Search Results

You are looking at 1 - 10 of 88 items for :

  • "chilling stress" x
  • Refine by Access: All x
Clear All
Open access

Charles Fontanier, Justin Quetone Moss, Lakshmy Gopinath, Carla Goad, Kemin Su, and Yanqi Wu

quality associated with chilling tolerance is important. During chilling stress, the functionality and survival of a plant cell depends on the integrity of membranes. The chloroplast is typically the first location within the cell to incur CI ( Kimball and

Free access

Zhengrong Hu, Erick Amombo, Margaret Mukami Gitau, Aoyue Bi, Huihui Zhu, Liang Zhang, Liang Chen, and Jinmin Fu

temperature is considered as a key environmental factor limiting bermudagrass growth and utility ( Fan et al., 2014 ). However, limited research has been done on chilling resistance in bermudagrass. Therefore, detailed information about chilling stress

Free access

Fang Yu, Zhiming Ni, Xingfeng Shao, Lina Yu, Hongxing Liu, Feng Xu, and Hongfei Wang

, 2005 ). In contrast, 10 °C does not cause chilling stress although it is still cold enough for peach storage. In a previous study, we compared soluble carbohydrates in peach fruits stored at 0 and 5 °C ( Wang et al., 2013 ). However, sugar metabolism in

Free access

An Qin, Xiaosan Huang, Huping Zhang, Juyou Wu, Jie Yang, and Shaoling Zhang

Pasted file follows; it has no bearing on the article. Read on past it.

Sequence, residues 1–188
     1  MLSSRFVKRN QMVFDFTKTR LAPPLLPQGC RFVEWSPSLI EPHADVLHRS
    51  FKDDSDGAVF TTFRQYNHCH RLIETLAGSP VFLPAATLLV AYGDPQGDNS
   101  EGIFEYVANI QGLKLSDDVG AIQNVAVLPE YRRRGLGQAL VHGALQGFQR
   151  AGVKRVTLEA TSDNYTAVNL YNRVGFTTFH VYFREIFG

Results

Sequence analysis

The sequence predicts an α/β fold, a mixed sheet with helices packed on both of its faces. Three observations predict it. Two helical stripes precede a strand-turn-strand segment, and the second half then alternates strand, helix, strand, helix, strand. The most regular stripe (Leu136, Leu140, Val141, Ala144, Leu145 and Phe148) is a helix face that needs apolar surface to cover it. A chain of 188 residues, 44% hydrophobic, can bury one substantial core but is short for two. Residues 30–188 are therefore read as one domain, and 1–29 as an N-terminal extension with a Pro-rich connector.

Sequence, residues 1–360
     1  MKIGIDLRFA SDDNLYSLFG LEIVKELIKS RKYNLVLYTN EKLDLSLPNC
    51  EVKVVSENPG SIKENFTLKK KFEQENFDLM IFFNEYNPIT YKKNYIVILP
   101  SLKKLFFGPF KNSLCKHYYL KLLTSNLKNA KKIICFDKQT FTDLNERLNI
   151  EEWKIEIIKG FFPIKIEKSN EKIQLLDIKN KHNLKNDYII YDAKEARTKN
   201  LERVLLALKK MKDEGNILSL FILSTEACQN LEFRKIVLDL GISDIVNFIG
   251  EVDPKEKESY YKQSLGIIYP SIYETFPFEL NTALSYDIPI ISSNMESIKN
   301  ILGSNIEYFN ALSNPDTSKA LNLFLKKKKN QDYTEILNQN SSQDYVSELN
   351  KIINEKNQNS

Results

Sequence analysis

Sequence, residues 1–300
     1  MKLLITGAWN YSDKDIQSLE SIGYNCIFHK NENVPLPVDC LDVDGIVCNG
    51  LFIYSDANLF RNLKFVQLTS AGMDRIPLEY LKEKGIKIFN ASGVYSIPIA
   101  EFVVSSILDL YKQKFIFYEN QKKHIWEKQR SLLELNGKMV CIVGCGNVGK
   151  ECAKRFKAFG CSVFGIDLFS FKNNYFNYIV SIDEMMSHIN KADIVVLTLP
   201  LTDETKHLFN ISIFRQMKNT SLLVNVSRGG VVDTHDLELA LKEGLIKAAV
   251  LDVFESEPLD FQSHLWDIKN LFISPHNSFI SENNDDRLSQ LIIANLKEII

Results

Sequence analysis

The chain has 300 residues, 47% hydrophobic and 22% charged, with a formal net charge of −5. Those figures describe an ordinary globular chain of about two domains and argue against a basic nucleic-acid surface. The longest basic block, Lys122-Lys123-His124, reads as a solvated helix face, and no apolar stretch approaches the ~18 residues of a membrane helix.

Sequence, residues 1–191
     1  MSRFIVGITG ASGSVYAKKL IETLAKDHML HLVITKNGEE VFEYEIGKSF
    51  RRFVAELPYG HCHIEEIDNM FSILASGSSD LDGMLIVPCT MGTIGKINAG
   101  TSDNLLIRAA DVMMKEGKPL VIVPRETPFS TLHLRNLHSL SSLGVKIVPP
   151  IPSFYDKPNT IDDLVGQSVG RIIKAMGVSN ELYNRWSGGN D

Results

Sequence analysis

and chilling stresses via traditional cross-hybridization procedures. As a first step toward creation of pear transgenic plants with enhanced stress tolerance, efforts have been made to isolate and characterize PbDHAR2 gene in this study. Moreover

Free access

Ehiorobo Izekor, J.O. Garner, and F.B. Matta

A procedure to determined selection of sweetpotato (Ipomoea batatas L. Lam.) genotypes tolerant to chilling injury was initiated by crossing two resistance lines and two susceptible lines. Experimental design on the F1 progeny was a completely randomized design (CRD) with two groups, tolerant and sensitive genotypes, and 90 lines in each group. Four plants per lines were selected and each plant represented a replication. The rating of plants according to the degree of chilling injury was recorded at 36 h after chilling temperature of 5 °C with 85% relative humidity. Significance of the analysis was based on the number of plants tolerant to chilling injury from both the resistant and the sensitive groups. Results from the statistical analysis based on visual rating of the F1 progeny plants for 36 h, indicated that higher populations of resistant plants could be produced when two resistant lines were crossed in a control pollination process. Evaluations to be continued are chlorophyll fluorescence, leakage of cell content, structural changes of the cell, and peroxidase content, before and after chilling stress. These assays will be used to further determine the similarities among the chilling-tolerant genotypes. Findings will aid in elucidating mechanism of chilling injury in fruit and vegetables.

Free access

David A. French and Kirk L. Parkin